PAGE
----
When changes to the GI Bill took effect in January, the revisions bridged a gap between the cost of public and private higher education for student veterans, leveling the educational playing field.
But WHQR's Sara Wood reports a new clause has created an unintended financial burden for several hundred student veterans in North Carolina.
The change went into effect in August and caps tuition benefits at nearly $18,000 per year for private and public education costs.
But it also specifies that only in-state tuition rates are paid for, a change that had some unintended consequences.
This school year several hundred student veterans across North Carolina have to pay out-of-state tuition for the first time.
Kai Bauer, who served almost 20 years in the military, started his bachelor’s degree in Washington but transferred to UNCW this fall. He had planned to graduate this spring, but that might not be possible due to this new extra burden of $12,000 per year as an out-of-state resident.
“I'm hoping people at our state level, will follow and come together and rightfully acknowledge veterans, when they serve in the US Military, whether it's for active duty or National Guard, they're over there representing the United States. Not just North Carolina, not just California or Washington, they're over there as the United States.”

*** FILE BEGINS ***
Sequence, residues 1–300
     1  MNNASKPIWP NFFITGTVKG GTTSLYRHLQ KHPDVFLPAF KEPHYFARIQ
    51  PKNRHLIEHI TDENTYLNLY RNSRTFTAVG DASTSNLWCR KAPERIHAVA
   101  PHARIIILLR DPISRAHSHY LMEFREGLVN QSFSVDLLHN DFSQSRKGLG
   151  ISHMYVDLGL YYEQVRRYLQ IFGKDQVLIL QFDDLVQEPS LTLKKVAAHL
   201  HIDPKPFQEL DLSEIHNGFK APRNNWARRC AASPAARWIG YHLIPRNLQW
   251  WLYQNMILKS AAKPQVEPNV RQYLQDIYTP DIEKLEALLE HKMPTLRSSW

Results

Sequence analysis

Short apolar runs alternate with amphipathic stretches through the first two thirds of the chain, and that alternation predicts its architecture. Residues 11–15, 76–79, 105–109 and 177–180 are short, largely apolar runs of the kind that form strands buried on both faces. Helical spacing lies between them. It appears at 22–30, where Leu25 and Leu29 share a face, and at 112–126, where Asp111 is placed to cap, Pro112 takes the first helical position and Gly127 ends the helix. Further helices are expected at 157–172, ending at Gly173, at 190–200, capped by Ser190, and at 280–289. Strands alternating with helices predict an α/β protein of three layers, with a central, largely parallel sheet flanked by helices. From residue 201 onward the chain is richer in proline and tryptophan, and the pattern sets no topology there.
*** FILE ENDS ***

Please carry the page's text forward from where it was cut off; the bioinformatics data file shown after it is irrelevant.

Veteran and UNCW student Matt Goers helped form Student Veterans Advocacy Group of North Carolina to tackle this issue.
“I worked 90 hours a week for next-to-nothing for a year straight in Iraq, and we were pretty much promised these things as part of our service to be taken care of at least. It’s much more than just asking for a sum of money. It’s more so the principle of the matter and being taken care of.”
Currently more than 10 states changed their legislation to automatically grant veterans residency status. Congressman Mike McIntyre is working to change the legislation for student veterans in North Carolina.
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